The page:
In Doubt 7, Skills

It will be impossible to make a living as a Poet. I’ve unfortunately come to this conclusion a long time ago. It was in college, observing my professors, especially those who claimed themselves to be Poets, that I realized it. A close friend of mine, a professor, struggles with this fact too. He’s a brilliant talent, I believe one of the standout poets this country can produce, but he’s slaving away in several jobs just to support himself. He still manages to produce a great amount of poetry and publish amazing books. For myself, I have doubts that I can maintain my creativity alongside my “normal” work.

Now my options seem to be very small. People constantly tell me I should become a professor. I loath academia though. I could talk at length about certain subjects, especially Puerto Rican literature now, a growing passion, but to teach seems like a big responsibility. Yes, I do realize that this sense of responsibility seems rather silly – considering the sort of professor that seems to dominate the system now a days. There is simply more career types instead of the more passionate sort. How many times have I struggled looking for a professor who had the right balance? Too many! And I’m not sure what happens to these guys. Is it that they lose the passion teaching the same material again and again, or did they lack the passion in the first place but envision this route to garner some esteem? I have no doubt that the sort of philosophy going into literature now, Post-Mod, is another reason for the quality of teaching, and it is another reason why I would hate being a part of that system. Not to mention I have a big mouth, so that will likely get me in trouble for some absurd reason.

So my options are very slim. I don’t think there are many jobs that could foster my need for poetic creativity. And it is hard to make it in the writing industry.

My best shot will be to participate in as many writing ventures as humanly possible, spreading myself out a bit. News writing, screenplays, short story, even writing for comic books are all options that I’m interested in. It is balancing out the skills between them that will be hard. I love poetry. It is the thing I know I’m good at. I’m always highly critical on myself, but when I produce a meaningful piece I will work hours until it is done. If it isn’t perfect, I will work again. A week later, another revision – even a complete write up/reimagining. The self-criticism gets even worse when it comes to other forms/genres of writing. For example… I have about a dozen or so short stories lying around, untouched for weeks, which I almost refuse to look at. Why? I’m ashamed of them. They may in fact be great, but it is hard to see them that way. I have a few short scripts lying around to… much the same problem. I used to really like writing plays, writing a few absurd ones, but even those have been abandoned for years.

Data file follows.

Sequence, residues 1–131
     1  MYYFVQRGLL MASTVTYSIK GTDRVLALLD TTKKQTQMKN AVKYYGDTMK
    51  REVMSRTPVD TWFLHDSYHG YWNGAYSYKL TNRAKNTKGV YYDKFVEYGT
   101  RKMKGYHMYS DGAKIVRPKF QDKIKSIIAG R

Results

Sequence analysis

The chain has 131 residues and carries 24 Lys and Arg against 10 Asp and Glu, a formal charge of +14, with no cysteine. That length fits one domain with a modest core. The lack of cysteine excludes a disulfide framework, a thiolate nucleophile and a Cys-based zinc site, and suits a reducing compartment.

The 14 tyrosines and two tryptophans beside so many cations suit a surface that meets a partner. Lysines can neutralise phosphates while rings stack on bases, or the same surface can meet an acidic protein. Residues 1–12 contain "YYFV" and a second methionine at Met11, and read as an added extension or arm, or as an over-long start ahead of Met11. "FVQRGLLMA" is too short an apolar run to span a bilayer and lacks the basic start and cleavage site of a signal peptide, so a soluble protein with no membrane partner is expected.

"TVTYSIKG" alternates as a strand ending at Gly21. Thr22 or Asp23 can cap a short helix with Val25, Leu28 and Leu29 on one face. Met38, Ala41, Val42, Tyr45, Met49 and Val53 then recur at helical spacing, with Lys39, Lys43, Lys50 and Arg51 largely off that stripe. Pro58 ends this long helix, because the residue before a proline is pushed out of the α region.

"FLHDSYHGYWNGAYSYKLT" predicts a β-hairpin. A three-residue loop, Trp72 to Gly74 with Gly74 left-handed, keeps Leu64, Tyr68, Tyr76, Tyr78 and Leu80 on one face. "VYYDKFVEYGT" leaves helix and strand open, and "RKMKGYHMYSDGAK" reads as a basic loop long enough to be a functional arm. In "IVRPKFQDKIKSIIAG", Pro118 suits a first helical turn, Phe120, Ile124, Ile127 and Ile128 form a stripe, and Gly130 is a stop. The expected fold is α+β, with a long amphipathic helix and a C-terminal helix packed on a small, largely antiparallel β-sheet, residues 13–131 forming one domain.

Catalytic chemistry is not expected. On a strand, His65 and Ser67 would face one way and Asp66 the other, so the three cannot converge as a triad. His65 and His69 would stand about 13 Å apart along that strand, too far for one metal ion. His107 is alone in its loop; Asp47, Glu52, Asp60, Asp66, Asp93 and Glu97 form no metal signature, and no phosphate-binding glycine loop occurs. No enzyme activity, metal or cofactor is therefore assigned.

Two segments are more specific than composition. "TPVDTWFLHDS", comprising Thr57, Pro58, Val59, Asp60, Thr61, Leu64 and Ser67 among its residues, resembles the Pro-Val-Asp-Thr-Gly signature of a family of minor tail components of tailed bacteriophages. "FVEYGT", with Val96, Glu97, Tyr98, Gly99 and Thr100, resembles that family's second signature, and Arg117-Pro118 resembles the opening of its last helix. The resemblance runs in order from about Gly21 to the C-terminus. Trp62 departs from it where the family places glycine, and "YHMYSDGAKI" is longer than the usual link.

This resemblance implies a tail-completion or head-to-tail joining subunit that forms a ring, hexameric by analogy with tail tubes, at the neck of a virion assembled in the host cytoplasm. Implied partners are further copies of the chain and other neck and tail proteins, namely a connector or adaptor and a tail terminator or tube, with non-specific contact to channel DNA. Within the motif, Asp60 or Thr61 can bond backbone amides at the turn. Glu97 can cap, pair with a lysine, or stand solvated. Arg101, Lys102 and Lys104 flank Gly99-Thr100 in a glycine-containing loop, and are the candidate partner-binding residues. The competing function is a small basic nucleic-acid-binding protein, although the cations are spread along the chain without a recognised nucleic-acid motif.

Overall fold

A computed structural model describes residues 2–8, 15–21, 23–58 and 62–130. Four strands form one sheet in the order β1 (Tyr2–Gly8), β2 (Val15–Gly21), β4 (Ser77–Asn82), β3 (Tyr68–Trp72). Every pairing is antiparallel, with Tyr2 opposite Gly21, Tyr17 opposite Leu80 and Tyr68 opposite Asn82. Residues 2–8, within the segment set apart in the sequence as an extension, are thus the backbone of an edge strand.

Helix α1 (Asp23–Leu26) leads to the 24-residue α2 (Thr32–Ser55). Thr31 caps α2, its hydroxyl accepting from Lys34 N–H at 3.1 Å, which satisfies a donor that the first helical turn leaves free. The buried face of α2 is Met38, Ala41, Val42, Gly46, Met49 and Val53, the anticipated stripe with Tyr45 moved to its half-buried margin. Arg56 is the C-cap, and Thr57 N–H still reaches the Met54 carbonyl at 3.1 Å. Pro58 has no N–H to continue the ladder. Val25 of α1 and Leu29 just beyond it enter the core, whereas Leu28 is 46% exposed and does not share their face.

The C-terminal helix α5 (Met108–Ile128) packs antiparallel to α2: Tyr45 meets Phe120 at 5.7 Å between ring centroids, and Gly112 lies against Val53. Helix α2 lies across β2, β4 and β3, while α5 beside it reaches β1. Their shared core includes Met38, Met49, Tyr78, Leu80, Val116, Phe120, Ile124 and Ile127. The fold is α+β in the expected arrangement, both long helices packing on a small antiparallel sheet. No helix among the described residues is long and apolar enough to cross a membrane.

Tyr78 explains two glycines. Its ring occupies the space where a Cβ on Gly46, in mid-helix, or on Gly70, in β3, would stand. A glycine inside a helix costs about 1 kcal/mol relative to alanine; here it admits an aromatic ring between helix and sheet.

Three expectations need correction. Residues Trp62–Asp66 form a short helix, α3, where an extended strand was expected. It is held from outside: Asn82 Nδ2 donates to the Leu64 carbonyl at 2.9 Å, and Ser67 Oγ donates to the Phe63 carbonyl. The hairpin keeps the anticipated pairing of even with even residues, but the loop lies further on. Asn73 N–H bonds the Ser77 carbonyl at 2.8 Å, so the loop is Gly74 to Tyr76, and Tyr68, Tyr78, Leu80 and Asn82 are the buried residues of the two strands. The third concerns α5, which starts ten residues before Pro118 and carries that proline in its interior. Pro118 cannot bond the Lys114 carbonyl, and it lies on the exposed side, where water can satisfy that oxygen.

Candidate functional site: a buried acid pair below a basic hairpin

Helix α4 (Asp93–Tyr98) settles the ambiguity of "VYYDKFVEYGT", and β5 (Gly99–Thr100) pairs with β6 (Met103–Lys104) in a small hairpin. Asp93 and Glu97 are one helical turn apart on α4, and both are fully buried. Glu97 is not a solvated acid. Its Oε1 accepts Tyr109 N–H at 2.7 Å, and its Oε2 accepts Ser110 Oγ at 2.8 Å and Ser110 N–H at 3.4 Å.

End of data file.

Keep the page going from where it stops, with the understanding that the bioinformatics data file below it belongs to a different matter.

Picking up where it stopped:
So what should I do? Honestly, I keep leaning back and forth. All I know is that I must do hard work, but in what direction? Should I struggle for a “normal” job, something to pay the bills, and leave the thing I’m passionate about for certain times of the week, working really hard on them? Should I struggle the artistic path, and all those bumpy roads, until I find the niche that will give me the ability to support myself? And if I do choose that path, where should I focus my energy on? Should I focus on poetry and squeeze at every opportunity I can get? Or do I focus all over, putting my attention to everything, as best I can, to support myself?  Or do I give up poetry and just focus on another genre that will likely guarantee me some sort of living?

Well… this is where I’m at.

Take care,


3 thoughts on “In Doubt 7, Skills

  1. Facing the same kind of dilemma.. So, here’s how I reasoned through it:

    I need money to eat.

    I need money to pay tuition fees.

    I need money to put fuel in my car.

    I need money to buy stuff! (Everyone needs ‘stuff’)

    So I need a job.

    But forget everything else- I need to write, else I’m not living. So I have the job, and I go to university, and I spend every other spare moment writing. Because it is an obsession. With no expectation to become successful or affluent from it. I joined some online writing communities, this gets some of my writing out there to receive feedback and to give myself a sense of achievement and appreciation for it.

    Phew! What a ramble!

    So yeah, get the monies! Keep writing! It’s all possible. Fo sho.


  2. Don’t give up. Poetry is something that you live by – by the sounds of things, and it’s always perhaps fearful but somehow right to go after your dreams whether ‘practical’ or not. I’m in a similar situation. As an aspiring journalist I write on a daily basis but see myself working in tedious jobs, unrelated to writing, just to get by. It’s a part of the industry but at least it means we’re doing something that we love. It seems that you’ll always be a poet, so that isn’t the issue – the issue is figuring out some other way to support yourself whilst you’re getting to where you want to be.

  3. If you’re this passionate, then you’re unlikely to give up, so you might as well pursue it. Maybe that means continually working day jobs to pay the bills, or maybe it means being a poet-entrepreneur of sorts and finding a way in our age of the internet to make a living doing what you love. There’s probably a way, but it’s sure to take some innovation.

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